These curated packages on each major political candidate mark the beginning of the outlet's partnership with the platform, which will feature all of the Post's editorial content from May 2015.
"It's basically a product for a new, national audience, so for folks that maybe aren't as familiar with the brand," explained Cory Haik, WaPo's executive producer and senior editor for digital news.
"Flipboard has always been such a fantastic vehicle for broader reach... We just see it as a utility in place to aggregate topical content in the moment."
The first report on Senator Ted Cruz, who announced on Twitter that he would be "running for President", was published on Monday (March 23). The Post got wind that Cruz would be making an announcement over the weekend, and started putting the package together on Sunday night just in time for his announcement, which came just after 11pm EDT (3am GMT, Monday).
Screenshot from the Washington Post on Flipboard
The report features a range of stories, from a piece analysing the connections between Cruz's faith and his politics (the senator hails from Houston, Texas, once the 'buckle' of The Bible Belt) to an interview with a Los Angeles street artist who created a notorious photo of Cruz covered in tattoos, cigarette dangling from his mouth.
In line with Flipboard's magazine-style layout there is a heavy focus on multimedia, with large images and videos. There is also a mix of new and archive content, with some pieces designed specifically for the Flipboard experience.
Other features that will run across all profiles, said Haik, include "key facts" about the candidates, a summary of their social media presence, "most outrageous falsehoods" – which aggregate all the fact-checks the Post has done on that particular candidate – and "make-or-break profiles" including in-depth analysis and reports.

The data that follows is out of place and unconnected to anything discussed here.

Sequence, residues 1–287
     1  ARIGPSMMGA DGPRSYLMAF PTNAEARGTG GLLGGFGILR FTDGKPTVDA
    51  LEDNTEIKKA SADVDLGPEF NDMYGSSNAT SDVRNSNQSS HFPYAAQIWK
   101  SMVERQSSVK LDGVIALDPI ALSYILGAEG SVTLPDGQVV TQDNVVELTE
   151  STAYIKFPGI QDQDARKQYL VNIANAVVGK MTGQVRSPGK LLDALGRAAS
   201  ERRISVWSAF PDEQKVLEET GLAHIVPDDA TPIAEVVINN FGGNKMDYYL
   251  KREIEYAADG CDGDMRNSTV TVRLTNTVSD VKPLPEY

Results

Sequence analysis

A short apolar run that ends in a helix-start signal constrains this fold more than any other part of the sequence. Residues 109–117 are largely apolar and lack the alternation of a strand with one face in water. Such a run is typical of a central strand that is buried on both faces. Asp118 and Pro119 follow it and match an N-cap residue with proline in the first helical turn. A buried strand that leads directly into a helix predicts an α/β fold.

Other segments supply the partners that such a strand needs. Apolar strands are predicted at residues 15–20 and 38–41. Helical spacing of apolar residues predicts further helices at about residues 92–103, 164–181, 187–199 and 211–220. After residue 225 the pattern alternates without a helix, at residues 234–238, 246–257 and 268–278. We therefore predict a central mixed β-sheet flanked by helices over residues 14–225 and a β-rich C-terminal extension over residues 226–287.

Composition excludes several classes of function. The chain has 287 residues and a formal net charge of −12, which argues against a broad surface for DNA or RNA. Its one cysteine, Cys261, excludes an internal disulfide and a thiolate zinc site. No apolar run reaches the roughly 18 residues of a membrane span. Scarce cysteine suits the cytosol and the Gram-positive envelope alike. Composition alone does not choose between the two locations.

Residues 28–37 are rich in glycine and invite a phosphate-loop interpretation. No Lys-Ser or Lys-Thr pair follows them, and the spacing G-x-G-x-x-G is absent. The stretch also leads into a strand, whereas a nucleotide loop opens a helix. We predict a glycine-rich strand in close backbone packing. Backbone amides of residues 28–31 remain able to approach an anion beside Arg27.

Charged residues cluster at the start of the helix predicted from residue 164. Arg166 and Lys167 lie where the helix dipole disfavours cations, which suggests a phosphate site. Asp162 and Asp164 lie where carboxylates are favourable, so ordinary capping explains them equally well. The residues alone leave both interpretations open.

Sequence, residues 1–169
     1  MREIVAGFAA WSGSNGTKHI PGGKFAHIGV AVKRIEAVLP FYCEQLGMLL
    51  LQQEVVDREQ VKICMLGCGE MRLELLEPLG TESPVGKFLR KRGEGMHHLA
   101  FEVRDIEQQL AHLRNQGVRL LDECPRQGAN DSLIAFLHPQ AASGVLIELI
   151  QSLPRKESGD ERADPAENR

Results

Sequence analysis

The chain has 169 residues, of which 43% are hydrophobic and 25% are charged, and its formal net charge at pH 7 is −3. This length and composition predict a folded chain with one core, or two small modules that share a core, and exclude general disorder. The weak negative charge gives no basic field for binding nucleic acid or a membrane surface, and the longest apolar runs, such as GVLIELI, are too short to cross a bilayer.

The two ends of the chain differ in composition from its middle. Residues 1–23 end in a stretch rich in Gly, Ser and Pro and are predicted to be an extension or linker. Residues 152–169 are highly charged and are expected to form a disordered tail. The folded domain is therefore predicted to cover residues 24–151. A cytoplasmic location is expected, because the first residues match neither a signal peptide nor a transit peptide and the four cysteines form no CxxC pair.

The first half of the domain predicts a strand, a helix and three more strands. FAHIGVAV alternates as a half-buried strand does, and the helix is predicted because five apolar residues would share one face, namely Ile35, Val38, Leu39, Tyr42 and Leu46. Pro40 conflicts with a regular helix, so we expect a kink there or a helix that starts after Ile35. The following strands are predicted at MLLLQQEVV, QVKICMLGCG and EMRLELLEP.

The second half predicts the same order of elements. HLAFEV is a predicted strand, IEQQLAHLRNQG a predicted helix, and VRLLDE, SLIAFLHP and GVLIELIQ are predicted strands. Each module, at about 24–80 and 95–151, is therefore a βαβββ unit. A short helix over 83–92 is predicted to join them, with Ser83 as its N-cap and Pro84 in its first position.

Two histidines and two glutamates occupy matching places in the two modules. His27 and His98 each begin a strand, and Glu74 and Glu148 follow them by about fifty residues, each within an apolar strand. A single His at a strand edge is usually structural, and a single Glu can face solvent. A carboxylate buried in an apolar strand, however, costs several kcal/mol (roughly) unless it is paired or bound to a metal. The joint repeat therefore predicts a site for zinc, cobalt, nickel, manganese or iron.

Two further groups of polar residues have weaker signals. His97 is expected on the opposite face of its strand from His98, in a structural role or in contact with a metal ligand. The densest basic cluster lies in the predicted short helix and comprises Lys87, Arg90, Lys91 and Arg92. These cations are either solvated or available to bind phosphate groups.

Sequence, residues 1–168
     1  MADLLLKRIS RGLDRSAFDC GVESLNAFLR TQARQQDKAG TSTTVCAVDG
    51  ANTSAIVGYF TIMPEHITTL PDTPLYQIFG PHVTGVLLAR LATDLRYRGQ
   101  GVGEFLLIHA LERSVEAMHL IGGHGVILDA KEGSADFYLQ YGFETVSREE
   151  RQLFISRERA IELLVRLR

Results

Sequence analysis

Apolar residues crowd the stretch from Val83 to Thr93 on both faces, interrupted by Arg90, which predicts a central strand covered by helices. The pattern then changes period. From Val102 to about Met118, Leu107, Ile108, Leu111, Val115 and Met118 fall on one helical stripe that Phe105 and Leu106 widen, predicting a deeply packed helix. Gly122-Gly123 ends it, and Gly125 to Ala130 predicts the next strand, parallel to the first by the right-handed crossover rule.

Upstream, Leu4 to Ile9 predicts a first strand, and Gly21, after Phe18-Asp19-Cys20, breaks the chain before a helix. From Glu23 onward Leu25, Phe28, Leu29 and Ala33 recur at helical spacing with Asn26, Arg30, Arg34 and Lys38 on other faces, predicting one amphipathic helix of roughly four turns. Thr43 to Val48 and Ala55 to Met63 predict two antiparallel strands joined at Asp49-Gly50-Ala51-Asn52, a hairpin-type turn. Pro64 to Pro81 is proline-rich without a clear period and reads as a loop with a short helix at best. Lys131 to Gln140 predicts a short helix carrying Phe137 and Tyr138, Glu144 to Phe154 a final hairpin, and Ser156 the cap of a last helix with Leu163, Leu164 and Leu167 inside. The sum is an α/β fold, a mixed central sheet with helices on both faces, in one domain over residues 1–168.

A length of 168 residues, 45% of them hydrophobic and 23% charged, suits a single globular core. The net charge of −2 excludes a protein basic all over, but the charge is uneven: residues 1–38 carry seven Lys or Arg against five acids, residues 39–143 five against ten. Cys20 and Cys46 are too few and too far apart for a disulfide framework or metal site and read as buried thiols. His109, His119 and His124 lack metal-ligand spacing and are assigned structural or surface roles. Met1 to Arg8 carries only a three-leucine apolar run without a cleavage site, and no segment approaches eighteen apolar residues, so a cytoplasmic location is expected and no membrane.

"We're being quite deliberate about what we're curating", she explained, "putting together what we think is a very comprehensive package that should give you everything you need to know about that candidate, that feels interesting and accessible to a broader base."
Content on Flipboard will also be subject to the same metered paywall as the Post's website, asking readers to pay after they access 20 free articles a month.People go back and forth and say 'are we building native apps or do we care about the web?' and the truth is, you care about bothCory Haik, Washington Post
Flipboard launched as a mobile app in 2010 but only launched a full-feature website in February of this year. The partnership with the Post is, in part at least, a canny push to raise its profile and drive more users, but Haik insists that the partnership has real benefits for the Post too.
"The app ecosystem is important... people sort of go back and forth and say 'are we building native apps or do we care about the web?' and the truth is, you care about both."
The key difference between apps and the web, she explained, is the proportion of returning visitors between the two.
"The app universe is one that really gets people to come back to those products, it's a daily habit... people are deeply engaged.
"Flipboard has that, they are sort of the darling of that... the original, and so this partnership is about putting our content there for those kinds of users to expose our content to a broader user base, and one that's highly engaged."
Earlier this week the New York Times reported Facebook has plans to begin hosting news content, with the New York Times and BuzzFeed speculatively named as initial partners.
Would the Washington Post consider that too?
"We have a very good relationship with Facebook, we've got a very good relationship with Twitter, we do lots of partnerships with those guys", said Haik diplomatically, although she added, "we don't have any specific plans for anything like that at the moment.
"The world that we're in is that we don't rule anything out, we like to explore any and all options."
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